SPECULATOR: September 2015 experiments to watch—AL

For non-contenders, September baseball offers reduced pressure to win now, and increased flexibility by virtue of roster expansion. These two factors make the season's final weeks an ideal time to conduct some experiments, searching for internal solutions to problems that scuttled an organization's plans for 2015. Paying attention to these experiments can help expose edges that you can exploit in your own September pennant push, and may also help to give an early read on some hidden value propositions for 2016.

Here are five questions that teams are trying to answer this month:

Do the Red Sox need to seek external help at 1B/OF?

Kris Olson gave an excellent overview of the Boston situation in Playing Time Tomorrow earlier this week. The retooled Castillo-Betts-Bradley OF has been dynamic, and is staking a strong claim to being brought back intact for 2016. Similarly, Hanley Ramirez has shown willingness to transition to first base, and (very) early reports seem to indicate that experiment has a good chance at a better outcome than his OF conversion.

In the linked piece, Kris Olson takes the position that the Boston front office will likely buy into these positive late-season developments and take a status-quo approach to the offseason. That may well be the eventual outcome, but it is not assured. There are two main counterpoints: First, the regime change in the Boston front office will wipe away at least some of the historical biases of the old guard. Second, the roster has other needs, and this emerging depth in the outfield, combined with more OF talent on the farm, could mean that this new OF gets broken up via trade. For instance, Mookie Betts was a darling of the old front office; it was almost inconceivable that he would ever be traded under former GM Ben Cherington. But now, thanks the arrival of Dave Dombrowski and the emergence of Castillo/Bradley, new paths are open for the offseason. For instance, assuming the organizational reluctance to make long-term contract offers to pitchers survived the administration change, then moving Betts as the headliner in a package for a cost-controlled rotation head might make sense. In such a scenario, signing someone like Jason Heyward or Justin Upton as the new RF might be a more reasonable course of action. In short, if the market suggests that signing an OF rather than an SP is a better use of free agency dollars, Betts might be the conversion point to turn that OF investment into SP reinforcement.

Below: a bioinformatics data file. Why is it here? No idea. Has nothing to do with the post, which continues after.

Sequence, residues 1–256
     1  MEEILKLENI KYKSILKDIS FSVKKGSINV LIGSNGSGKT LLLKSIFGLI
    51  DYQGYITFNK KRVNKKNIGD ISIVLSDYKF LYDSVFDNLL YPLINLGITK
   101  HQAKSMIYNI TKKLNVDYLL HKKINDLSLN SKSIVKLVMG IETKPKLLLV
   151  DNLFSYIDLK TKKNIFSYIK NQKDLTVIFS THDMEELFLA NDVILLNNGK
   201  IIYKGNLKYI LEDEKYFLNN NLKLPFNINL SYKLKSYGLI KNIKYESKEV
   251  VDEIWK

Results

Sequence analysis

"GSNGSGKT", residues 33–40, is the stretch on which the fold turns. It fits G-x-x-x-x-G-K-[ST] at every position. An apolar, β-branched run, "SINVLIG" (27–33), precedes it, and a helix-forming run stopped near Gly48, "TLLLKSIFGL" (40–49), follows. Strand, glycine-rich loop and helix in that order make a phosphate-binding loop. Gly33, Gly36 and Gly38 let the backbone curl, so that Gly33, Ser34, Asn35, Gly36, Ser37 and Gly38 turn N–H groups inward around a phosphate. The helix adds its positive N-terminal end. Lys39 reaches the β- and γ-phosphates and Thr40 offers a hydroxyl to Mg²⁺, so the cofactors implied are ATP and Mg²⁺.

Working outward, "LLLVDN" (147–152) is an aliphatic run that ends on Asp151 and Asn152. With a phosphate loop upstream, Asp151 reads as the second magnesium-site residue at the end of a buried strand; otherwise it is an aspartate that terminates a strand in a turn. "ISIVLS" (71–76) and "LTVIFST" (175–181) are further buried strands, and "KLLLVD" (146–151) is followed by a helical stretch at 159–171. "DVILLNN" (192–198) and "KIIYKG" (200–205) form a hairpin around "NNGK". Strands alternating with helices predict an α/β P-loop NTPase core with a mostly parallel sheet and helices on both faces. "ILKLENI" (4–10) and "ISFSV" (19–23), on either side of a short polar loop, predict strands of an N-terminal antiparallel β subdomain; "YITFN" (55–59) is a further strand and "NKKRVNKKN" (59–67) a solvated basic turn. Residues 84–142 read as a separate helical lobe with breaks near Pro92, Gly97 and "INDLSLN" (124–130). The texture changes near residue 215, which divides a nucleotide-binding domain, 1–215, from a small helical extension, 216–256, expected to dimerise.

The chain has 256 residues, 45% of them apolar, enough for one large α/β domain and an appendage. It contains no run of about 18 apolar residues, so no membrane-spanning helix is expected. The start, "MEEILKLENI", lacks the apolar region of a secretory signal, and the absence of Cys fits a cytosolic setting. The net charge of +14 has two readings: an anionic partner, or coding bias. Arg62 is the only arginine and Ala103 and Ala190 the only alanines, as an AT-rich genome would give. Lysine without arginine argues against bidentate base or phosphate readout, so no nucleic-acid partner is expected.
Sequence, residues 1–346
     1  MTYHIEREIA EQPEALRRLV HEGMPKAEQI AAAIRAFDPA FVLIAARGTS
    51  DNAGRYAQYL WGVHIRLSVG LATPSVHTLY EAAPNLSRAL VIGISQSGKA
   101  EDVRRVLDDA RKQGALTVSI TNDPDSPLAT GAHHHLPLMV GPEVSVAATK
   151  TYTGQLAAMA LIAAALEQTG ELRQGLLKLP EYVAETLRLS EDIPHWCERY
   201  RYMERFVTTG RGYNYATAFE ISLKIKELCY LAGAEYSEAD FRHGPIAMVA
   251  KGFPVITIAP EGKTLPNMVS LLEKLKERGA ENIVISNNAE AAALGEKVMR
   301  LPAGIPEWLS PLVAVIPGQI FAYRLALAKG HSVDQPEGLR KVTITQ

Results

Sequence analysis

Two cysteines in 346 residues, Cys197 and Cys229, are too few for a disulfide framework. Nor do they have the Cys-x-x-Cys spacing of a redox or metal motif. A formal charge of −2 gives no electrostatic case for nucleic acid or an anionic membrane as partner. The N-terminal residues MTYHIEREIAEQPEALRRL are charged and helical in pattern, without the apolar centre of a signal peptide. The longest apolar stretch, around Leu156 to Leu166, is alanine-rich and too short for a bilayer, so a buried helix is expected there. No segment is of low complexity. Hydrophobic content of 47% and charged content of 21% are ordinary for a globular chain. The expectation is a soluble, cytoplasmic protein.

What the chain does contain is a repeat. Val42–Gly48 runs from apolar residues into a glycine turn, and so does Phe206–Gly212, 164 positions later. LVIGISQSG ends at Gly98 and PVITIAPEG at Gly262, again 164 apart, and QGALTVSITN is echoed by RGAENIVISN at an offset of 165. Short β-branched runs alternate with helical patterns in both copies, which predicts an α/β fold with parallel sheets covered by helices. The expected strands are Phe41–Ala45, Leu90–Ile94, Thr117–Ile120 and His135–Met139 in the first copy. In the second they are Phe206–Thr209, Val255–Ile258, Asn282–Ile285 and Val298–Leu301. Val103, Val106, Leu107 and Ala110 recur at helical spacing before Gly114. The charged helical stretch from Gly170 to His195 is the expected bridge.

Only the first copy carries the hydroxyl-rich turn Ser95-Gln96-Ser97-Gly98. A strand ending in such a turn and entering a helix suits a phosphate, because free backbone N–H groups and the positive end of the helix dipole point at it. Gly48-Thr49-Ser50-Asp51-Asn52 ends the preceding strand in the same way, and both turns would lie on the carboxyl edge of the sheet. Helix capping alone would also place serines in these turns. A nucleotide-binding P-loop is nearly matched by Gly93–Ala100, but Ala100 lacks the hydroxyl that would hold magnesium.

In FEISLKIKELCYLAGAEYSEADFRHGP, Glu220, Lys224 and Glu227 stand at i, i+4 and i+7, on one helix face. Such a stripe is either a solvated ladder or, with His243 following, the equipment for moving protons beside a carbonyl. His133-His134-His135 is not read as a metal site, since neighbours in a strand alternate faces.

What does this all mean for September? Keep an eye on Bradley and Castillo. The former needs to sustain his ~100 AB breakout, and the latter needs to continue his own growth pattern while also showing that his early-season injury woes are behind him, as is the rust associated with his winding journey from Cuba to Boston.


Will Manny Machado move back to SS?

Amid the Orioles' late-season fade, Buck Showalter has pulled every lever at his disposal in trying to reverse the slide. The most fascinating one may have been sliding Manny Machado from 3B back to SS a few times in recent weeks. For those who have forgotten, Machado was drafted and developed as a shortstop, and moved to 3B due to the presence of J.J. Hardy in Baltimore.

Ah, J.J. Hardy. He remains the primary obstacle to Machado at SS, though not nearly as imposing as he was when Machado first came up. He has two more years (and a potential third-year vesting option) on his contract, but his production has cratered to the point where it becomes an open question as to whether he merits a lineup spot at all, regardless of his contract. To move him this winter, the Orioles would likely have to subsidize some of that contract. But in the middle of what may become an overall infield makeover, this might be the right time to bite that bullet. Jonathan Schoop's strong 2nd half certainly gives him a leg up on the 2B job entering next season. Chris Davis and Matt Wieters are both entering free agency, which creates both uncertainty and flexibility for Dan Duquette entering the offseason. Seeking out a potential landing spot for Hardy, and deferring the decision on Machado for a few months, creates an optimal situation entering what may be a very busy winter in Baltimore.